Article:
Wednesday, July 30, 2008

The Unprofessional Beer Review: Orval Trappist Ale

Orval monastery is the only Trappist monastery in the world which brews only one beer, and that alone makes it stand out. Hailing from Belgium, the beer is triple fermented, with the final stage of fermentation taking place in the bottle itself. I am also told that if I were patient enough to wait for it, the beer would become smoother if I let it sit in the dark for around a year before pouring it. I'm far too impatient for that.

The abbey was founded in 1070 by Benedictines from Calabria. Over the years it has been destroyed and rebuilt during Charlamagne (12th Century), during the French Revolution, and finally revamped during the 1920s and 30s. In addition to Orval Trappist Ale, the monastery also sells crusty brown breads and two cheeses in its gift shop. Orval is a widely regarded trappist ale. One reviewer writes of Orval, "No other beer can be said to match the character of Orval." Quite a claim. Does it stack up?

In my opinion, this beer is Amazing. Quite simply, amazing. This is the most delicious, satisfying, and complex beer I have personally ever tasted. True, the fact that it sells for just over $6 a bottle might skew my perception a bit, but I am being quite honest when I say that I love it, and that everyone should buy a bottle of this at least once. I may never be able to drink Newcastle again, after having Orval.

Pouring is a wonderful experience. As it slides down the edge of the glass into the bottom, the rather dense and thick head on the brew rises almost in perfect proportion to the volume in the bottom of the glass. To give you an idea how long the head on the glass has lasted, I poured my glass over 20 minutes ago, and there is still a 1/4" head remaining, and it appears to be there for good. Most ales lose their head after a few minutes, but not Orval.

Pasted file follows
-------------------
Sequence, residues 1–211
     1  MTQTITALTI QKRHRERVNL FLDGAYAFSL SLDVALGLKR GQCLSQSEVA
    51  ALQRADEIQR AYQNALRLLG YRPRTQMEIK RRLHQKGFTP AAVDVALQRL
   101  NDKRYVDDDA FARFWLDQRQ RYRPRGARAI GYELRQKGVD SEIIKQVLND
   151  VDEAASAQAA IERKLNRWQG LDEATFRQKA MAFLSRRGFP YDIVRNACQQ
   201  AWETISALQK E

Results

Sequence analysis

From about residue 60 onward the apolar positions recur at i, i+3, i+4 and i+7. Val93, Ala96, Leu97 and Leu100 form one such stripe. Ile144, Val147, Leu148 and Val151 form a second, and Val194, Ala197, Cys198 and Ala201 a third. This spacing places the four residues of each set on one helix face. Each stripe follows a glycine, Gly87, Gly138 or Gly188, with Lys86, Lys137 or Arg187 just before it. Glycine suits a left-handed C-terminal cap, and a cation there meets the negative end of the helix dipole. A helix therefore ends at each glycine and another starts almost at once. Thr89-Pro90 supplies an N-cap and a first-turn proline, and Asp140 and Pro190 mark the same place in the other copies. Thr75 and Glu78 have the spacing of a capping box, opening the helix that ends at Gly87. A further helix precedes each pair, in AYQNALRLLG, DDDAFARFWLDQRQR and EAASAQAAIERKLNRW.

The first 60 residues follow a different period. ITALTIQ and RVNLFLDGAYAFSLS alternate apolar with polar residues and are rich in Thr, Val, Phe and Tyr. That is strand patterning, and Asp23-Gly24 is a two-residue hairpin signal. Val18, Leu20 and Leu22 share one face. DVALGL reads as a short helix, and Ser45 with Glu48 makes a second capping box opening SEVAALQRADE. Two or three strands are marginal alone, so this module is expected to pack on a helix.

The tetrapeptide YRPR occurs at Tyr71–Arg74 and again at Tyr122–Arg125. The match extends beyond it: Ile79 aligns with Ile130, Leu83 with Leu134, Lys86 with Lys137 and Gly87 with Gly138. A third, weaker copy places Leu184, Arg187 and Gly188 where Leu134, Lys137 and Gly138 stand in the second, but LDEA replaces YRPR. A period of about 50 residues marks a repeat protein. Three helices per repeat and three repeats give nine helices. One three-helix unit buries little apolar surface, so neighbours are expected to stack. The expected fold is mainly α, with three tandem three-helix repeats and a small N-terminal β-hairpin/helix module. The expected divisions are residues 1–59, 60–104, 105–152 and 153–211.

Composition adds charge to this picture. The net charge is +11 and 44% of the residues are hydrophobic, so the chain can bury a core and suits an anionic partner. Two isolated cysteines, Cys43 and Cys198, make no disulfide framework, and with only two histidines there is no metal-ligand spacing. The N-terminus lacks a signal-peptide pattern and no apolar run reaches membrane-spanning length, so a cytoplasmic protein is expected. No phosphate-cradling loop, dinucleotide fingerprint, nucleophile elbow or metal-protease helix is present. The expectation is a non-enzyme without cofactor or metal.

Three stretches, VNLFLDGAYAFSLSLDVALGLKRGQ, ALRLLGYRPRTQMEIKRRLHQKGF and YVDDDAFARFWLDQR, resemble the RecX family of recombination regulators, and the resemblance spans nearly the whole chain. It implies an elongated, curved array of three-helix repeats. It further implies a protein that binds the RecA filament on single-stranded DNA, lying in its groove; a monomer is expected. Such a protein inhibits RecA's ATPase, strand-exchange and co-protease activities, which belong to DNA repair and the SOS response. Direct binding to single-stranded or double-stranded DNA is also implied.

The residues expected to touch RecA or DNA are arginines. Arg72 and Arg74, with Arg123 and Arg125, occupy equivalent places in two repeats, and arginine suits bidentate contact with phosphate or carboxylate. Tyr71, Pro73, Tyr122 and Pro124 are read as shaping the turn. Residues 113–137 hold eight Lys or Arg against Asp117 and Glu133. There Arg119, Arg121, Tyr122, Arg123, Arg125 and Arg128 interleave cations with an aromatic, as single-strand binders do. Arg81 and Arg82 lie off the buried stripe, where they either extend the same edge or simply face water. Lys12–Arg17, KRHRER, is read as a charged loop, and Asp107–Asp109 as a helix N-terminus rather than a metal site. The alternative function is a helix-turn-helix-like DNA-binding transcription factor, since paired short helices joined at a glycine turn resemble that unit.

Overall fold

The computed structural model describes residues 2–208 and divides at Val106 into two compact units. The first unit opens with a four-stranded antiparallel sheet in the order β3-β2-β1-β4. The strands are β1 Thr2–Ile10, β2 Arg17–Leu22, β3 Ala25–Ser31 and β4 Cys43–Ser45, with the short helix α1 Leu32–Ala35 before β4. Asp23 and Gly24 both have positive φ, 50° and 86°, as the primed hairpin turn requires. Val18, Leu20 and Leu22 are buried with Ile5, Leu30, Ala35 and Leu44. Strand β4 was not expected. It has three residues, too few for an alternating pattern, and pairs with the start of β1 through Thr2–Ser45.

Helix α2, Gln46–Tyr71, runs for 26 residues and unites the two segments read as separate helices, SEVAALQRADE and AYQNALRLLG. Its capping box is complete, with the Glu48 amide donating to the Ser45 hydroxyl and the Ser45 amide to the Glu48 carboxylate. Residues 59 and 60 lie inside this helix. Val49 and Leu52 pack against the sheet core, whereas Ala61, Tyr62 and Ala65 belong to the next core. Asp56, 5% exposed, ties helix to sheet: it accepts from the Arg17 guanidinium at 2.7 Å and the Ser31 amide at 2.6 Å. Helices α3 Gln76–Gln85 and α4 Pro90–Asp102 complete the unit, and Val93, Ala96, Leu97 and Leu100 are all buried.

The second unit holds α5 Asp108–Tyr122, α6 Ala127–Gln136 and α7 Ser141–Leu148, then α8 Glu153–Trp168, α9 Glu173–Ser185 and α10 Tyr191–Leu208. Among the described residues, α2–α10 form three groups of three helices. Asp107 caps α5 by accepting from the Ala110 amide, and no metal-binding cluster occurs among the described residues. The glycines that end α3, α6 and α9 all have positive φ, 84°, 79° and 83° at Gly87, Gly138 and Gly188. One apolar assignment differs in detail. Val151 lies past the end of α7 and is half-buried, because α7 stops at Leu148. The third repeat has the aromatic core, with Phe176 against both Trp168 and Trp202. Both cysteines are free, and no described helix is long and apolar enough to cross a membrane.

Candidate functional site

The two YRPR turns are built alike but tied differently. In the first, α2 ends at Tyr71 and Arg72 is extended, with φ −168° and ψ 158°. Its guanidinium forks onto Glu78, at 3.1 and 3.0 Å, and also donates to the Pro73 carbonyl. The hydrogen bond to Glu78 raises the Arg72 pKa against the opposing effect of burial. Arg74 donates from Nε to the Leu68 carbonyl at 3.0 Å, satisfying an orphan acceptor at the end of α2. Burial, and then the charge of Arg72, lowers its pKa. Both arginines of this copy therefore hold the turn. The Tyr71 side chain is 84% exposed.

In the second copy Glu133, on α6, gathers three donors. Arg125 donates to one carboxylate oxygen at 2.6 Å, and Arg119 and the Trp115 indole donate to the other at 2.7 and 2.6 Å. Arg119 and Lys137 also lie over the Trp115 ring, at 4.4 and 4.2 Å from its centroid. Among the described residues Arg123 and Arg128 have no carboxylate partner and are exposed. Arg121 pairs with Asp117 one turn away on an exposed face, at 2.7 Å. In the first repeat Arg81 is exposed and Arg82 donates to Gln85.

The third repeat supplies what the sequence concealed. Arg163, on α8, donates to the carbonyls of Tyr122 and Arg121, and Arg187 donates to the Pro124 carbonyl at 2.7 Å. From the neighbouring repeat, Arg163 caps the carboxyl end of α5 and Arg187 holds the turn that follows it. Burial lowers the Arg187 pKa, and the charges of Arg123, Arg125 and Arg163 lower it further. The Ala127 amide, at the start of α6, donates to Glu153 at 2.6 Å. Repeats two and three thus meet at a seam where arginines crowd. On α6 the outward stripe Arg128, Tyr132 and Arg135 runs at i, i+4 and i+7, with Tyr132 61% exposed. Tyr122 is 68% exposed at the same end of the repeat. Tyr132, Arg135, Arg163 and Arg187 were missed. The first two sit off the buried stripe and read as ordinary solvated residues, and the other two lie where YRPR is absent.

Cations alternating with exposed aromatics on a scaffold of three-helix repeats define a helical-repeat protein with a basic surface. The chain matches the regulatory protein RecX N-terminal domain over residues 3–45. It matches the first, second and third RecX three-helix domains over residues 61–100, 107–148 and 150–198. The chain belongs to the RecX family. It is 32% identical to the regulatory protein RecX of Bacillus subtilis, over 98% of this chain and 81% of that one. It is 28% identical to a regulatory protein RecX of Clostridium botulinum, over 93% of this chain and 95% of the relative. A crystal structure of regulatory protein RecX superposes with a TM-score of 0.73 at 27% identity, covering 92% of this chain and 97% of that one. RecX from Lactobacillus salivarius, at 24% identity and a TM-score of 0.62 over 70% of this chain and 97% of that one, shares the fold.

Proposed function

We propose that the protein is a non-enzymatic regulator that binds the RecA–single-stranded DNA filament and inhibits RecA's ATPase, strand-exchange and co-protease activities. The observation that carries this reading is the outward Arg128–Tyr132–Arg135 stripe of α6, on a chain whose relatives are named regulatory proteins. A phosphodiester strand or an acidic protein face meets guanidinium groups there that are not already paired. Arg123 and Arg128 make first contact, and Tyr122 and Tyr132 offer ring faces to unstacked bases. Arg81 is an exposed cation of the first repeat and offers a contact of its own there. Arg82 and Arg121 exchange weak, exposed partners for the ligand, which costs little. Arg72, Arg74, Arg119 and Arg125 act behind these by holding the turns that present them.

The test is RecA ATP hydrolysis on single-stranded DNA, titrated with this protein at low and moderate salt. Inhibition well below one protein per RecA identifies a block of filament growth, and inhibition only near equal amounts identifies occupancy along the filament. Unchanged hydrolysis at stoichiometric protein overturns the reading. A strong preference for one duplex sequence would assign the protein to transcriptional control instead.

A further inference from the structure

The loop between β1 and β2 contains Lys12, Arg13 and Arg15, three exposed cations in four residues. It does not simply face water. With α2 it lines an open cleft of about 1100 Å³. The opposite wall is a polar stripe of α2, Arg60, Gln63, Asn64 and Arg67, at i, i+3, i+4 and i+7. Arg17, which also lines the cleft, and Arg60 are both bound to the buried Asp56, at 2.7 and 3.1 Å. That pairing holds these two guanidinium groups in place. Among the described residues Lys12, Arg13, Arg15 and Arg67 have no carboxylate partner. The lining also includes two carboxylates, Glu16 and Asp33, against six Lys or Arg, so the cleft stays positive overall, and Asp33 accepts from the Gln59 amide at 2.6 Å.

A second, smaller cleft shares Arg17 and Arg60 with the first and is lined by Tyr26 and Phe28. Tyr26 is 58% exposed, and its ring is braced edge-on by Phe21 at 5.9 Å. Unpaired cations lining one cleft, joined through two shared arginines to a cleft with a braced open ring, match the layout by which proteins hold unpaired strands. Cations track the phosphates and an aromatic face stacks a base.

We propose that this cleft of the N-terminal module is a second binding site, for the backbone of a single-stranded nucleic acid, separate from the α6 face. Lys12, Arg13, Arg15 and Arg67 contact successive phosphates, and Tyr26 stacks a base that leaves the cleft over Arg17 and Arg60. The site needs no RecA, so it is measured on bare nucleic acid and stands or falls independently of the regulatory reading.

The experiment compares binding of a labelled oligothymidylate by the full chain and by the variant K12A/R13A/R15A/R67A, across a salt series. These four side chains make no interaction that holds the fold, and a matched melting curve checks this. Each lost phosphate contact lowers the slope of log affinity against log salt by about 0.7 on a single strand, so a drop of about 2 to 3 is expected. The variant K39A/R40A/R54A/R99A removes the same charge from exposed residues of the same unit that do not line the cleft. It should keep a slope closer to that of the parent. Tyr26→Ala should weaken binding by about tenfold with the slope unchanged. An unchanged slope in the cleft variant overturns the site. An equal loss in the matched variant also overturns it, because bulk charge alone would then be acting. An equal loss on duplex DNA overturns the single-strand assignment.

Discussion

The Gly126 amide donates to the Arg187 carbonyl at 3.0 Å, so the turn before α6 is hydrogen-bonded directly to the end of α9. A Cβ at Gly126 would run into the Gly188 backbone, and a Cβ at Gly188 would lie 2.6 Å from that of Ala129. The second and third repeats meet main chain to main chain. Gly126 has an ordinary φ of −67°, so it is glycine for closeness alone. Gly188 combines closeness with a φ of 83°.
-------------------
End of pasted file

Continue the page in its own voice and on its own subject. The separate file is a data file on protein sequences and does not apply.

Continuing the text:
The brew has a very distinct orange color which comes by way of the abbey's uniquely specified mixture of three malts, Bavarian Hallertau and Yugoslavian Styrian Goldings hops, yeast, and finally, white candy sugar is added in the kettle. A most delicious aftertaste without the slightest hint of bitterness, Orval is clean tasting, but far from simplistic.

It is, quite simply, my new favorite beer. (One may argue that my favorite beer is whichever one I happen to be holding at the moment.) Now, I also have a bottle of Chimay Blue waiting for me, but I may wait awhile before trying it. I want to let Orval have its week on the beer throne.


  1. Where might one get a hold of such a fine tasting beer?

  2. Well, I can tell you that I purchased mine at Jacob's Liquor Exchange on Rock Road in Wichita. Anywhere else is anyone's guess...

  3. I've really enjoyed your posts. I'm located in the KC area (not too far from you) and if you're ever up this way we oughta meet up and have a brew!

  4. Where can one get this beer? E-mail me please :D

    Second of all, what is the deal with the Reformed and Brew? One might want to start calling you Presbeerterians... in fact, I have already :D My friend Andy is well familiar with the title :)


  5. Hey George,

    Sorry I'm not emailing you; I just don't have your email address.

    In answer to part one of your question, I don't know where you can find it. I know that if you have liquor stores that carry wide selections of beer and european ales you stand a good chance of finding it. My local store here in small-town Kansas started carrying it when I asked them about it, and now they have it stocked on their shelves, which is awesome.

    As to your second question about Reformed people and beer, I'm not sure, entirely. I know part of it is the Reformed culture; the other part of it is simply exegesis of the texts which do speak quite highly of alcohol when used appropriately. Maybe someone else is more equipped to answer a question like this in historical terms. Hope that helps you, George.

    And also, I like the word Presbeerterians. It just works for me.


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